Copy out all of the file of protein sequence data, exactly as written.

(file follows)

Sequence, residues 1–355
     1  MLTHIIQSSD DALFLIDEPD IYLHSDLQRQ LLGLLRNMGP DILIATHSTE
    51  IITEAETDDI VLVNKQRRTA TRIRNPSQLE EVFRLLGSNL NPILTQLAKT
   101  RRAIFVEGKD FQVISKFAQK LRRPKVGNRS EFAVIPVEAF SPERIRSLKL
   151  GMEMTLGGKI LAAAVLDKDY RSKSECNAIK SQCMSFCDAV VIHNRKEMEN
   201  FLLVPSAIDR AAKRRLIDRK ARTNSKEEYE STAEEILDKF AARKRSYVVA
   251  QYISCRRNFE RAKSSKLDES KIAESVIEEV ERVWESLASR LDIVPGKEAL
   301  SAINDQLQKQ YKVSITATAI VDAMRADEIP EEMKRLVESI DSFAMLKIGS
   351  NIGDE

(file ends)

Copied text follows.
Sequence, residues 1–355
     1  MLTHIIQSSD DALFLIDEPD IYLHSDLQRQ LLGLLRNMGP DILIATHSTE
    51  IITEAETDDI VLVNKQRRTA TRIRNPSQLE EVFRLLGSNL NPILTQLAKT
   101  RRAIFVEGKD FQVISKFAQK LRRPKVGNRS EFAVIPVEAF SPERIRSLKL
   151  GMEMTLGGKI LAAAVLDKDY RSKSECNAIK SQCMSFCDAV VIHNRKEMEN
   201  FLLVPSAIDR AAKRRLIDRK ARTNSKEEYE STAEEILDKF AARKRSYVVA
   251  QYISCRRNFE RAKSSKLDES KIAESVIEEV ERVWESLASR LDIVPGKEAL
   301  SAINDQLQKQ YKVSITATAI VDAMRADEIP EEMKRLVESI DSFAMLKIGS
   351  NIGDE